I was more than a little hesitant to publish this, but after some gentle prodding from my friend Eoin (who has some fascinating pieces I have to catch up on now that I’m back from my holiday), I offer you this musing. I’d appreciate your thoughts on my basic contention – speech about suicide in the church is an excellent place to see where Christians are allowing structures of taboo to hinder their plain communication.
Jesus, in what we have come to call the Sermon on the Mount, which is surely the only legal code in all of history (including the codes in the rest of the Bible) that is absolutely captivating to read, says many things that people don’t pay enough attention to. Like this:
All you need to say is simply ‘Yes’ or ‘No’; anything beyond this comes from the evil one.
Let your yes be yes and your no be no. Plain speech is a Christian virtue.
I was at a church service recently that was sort of a big deal for the little community who were hosting it. It was a night of special celebration and thanksgiving- the kind of thing that in its humble sincerity is much closer to what “religion” looks like in Ireland than the ponderous pontificating that is done by right-wing think-tanks who are rolled out to speak on behalf of Christians. In pretty much every worship service you attend there will at some point be something we can call “the prayers of the faithful”. The lay leader of the church community who was in charge of this prayed for lots of general concerns that I can’t remember but then there was some very peculiar language.
“We pray for the young woman who lost her life this weekend.”
I knew what she meant. You probably know what she meant. But she did not say what she meant.
The next day the newspapers reported that a teenager in the region had died as a result of suicide.
Stanley Hauerwas, the theologian who I have learned the most from, talks about how he spent his life “learning to speak Christian”. He means a lot by that phrase. So much so that he collected a bucketload of essays together and put it into a book under that title. But it seems that in the areas of profound moral crisis in contemporary Ireland, Christians have lost the ability to speak.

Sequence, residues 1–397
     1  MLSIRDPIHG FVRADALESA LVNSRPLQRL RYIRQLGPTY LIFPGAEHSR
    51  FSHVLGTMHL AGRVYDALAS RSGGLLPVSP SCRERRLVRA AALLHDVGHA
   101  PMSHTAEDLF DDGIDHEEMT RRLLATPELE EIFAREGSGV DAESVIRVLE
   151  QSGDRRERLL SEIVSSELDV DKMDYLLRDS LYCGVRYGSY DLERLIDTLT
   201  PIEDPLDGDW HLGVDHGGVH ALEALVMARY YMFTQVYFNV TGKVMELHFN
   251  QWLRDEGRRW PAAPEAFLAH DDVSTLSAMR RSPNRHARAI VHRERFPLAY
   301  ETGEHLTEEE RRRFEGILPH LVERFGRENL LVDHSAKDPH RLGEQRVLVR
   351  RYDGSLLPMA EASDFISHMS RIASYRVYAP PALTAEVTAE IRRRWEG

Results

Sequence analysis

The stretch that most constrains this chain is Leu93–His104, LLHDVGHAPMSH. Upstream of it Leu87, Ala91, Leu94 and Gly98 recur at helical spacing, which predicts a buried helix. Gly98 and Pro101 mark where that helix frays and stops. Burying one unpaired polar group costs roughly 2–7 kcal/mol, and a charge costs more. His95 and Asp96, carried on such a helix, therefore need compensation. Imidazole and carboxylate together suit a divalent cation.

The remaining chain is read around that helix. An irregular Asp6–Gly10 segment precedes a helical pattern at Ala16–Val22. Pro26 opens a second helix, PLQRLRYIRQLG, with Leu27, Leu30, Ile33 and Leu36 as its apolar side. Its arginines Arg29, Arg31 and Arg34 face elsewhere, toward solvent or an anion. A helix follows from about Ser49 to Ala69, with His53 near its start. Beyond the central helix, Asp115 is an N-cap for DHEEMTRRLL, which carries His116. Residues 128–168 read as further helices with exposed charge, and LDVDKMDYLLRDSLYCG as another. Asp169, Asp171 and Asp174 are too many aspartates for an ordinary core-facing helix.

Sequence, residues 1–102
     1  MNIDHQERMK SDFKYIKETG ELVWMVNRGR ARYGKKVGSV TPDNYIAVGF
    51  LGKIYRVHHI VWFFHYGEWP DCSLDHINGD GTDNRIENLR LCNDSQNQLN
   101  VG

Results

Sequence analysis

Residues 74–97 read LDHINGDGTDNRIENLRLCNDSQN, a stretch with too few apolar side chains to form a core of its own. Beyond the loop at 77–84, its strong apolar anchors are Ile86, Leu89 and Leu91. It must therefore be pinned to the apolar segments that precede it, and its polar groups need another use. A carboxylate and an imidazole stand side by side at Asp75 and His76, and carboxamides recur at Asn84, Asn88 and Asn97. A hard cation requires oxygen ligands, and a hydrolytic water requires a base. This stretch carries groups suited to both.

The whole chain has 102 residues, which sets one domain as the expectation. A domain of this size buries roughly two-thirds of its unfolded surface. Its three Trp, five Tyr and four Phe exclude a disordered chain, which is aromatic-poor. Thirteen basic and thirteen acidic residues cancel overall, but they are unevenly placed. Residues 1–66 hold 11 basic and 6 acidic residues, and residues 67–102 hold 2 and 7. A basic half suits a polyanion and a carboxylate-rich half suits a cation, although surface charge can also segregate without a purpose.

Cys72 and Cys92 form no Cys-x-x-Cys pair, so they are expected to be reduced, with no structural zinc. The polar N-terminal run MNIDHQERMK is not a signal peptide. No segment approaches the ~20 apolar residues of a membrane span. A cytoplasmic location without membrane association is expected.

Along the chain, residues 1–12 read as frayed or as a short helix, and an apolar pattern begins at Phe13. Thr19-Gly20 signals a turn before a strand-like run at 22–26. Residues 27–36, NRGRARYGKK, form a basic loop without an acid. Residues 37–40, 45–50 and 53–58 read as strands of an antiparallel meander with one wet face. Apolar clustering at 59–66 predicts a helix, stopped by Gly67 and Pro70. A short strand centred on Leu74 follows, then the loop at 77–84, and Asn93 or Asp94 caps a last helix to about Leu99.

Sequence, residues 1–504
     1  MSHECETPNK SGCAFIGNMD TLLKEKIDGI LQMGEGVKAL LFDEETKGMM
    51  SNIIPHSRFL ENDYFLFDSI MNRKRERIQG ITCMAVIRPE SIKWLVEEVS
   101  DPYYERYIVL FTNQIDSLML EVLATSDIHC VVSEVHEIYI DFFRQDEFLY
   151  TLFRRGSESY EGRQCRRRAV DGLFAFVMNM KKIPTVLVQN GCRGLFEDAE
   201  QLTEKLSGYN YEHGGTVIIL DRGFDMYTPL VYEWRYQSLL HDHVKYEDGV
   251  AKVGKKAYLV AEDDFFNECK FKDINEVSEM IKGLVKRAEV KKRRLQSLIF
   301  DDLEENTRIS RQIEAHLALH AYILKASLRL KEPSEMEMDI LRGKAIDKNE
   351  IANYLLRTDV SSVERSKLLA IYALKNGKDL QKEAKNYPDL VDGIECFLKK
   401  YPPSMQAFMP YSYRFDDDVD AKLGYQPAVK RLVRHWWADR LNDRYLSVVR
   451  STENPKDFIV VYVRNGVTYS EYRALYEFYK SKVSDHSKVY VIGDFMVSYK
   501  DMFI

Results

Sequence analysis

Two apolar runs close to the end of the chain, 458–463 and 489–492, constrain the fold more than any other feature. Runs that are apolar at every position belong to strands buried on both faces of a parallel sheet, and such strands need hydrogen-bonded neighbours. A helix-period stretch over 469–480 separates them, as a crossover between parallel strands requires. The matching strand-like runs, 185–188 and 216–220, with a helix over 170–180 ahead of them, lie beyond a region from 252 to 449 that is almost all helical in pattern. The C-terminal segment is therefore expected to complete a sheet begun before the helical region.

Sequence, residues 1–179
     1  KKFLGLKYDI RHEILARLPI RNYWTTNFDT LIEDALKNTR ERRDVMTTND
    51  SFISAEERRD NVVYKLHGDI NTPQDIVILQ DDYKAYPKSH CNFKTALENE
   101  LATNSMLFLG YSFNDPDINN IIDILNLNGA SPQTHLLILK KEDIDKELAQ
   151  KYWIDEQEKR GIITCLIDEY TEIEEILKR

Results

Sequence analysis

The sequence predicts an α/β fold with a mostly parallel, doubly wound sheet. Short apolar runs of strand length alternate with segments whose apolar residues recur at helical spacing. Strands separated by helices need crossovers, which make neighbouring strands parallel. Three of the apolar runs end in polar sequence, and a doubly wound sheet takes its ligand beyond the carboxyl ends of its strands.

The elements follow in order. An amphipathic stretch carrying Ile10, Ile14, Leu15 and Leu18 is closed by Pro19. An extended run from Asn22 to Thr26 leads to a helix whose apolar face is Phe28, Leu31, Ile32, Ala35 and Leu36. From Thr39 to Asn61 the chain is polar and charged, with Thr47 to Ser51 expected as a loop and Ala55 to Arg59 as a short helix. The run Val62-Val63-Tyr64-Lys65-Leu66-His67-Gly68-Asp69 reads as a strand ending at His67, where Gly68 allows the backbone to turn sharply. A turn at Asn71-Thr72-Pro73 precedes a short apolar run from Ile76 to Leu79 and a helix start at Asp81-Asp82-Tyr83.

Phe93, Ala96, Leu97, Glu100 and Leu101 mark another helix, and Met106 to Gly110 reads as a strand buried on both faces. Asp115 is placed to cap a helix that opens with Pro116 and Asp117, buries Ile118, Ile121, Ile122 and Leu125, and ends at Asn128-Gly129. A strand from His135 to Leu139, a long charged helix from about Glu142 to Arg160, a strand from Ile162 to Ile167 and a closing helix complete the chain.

I wrote about suicide three years ago because the town I was pastoring in was afflicted by a series of them and I was left thinking about how devoid of good news the Christian response was. And the words of that prayer stuck in my throat because they lacked good news entirely. In their desire to not compound the suffering of those left behind they fundamentally mis-described the situation and thus, rendered us mute in any following discussion. Suicide is a complex and many-sided phenomenon that requires sensitivity and compassion but it is less than true to claim those who make that choice “lose” their life.
Suicide is morally significant because it is the one of those ways of dying that can’t be described in those ways.
Three and a half years ago, cribbing from Zizek, I proposed that life is like a Möbius strip. The two surfaces of life are the body and the spirit. Zizek asks us to disdain any philosophical approach that seeks to separate them, which is gnosticism. As such, the Möbius strip is an excellent illustration since they are continuous but differentiated.
Any effort by Christians to obscure the fact that suicide involves the conscious termination of bodily life is a failing of Sermon on the Mount ethics (and Zizek would say it is a slippage into gnosticism). How we speak about suicide matters. There is much that can’t be said. That doesn’t mean that nothing can be said. Euphemistically dodging the issue is not sufficient.
The modern world recognises that there is a will-to-death, a thanatos that stalks humanity. There is no simple solution to answer the epidemic of young people ending their lives but Christians must speak plainly about it. I am intimidated to even write this here, never mind say it in public in the midst of grief following a tragedy but that grief will never be properly described, never fully engaged with and never healed until we rediscover some part of the old language that decries suicide as sin. We can modulate that language through psychological categories, we must handle that Christian description with empathy and love, but we cannot leave people in doubt about the moral status of suicide.
It is wrong. If we must let our yeses be yes then we must be heard to say no to suicide.
Your Correspondent, Talk about the passion